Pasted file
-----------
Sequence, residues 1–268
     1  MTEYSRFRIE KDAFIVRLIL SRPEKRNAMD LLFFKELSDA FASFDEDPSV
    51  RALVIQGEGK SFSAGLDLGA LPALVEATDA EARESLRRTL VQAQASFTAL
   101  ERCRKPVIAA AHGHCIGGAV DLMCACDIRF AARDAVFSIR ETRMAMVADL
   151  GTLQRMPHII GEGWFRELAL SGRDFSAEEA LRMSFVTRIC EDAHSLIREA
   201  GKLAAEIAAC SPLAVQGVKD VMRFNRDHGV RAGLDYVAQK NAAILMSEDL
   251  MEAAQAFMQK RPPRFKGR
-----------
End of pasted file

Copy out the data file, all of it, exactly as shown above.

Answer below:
Sequence, residues 1–268
     1  MTEYSRFRIE KDAFIVRLIL SRPEKRNAMD LLFFKELSDA FASFDEDPSV
    51  RALVIQGEGK SFSAGLDLGA LPALVEATDA EARESLRRTL VQAQASFTAL
   101  ERCRKPVIAA AHGHCIGGAV DLMCACDIRF AARDAVFSIR ETRMAMVADL
   151  GTLQRMPHII GEGWFRELAL SGRDFSAEEA LRMSFVTRIC EDAHSLIREA
   201  GKLAAEIAAC SPLAVQGVKD VMRFNRDHGV RAGLDYVAQK NAAILMSEDL
   251  MEAAQAFMQK RPPRFKGR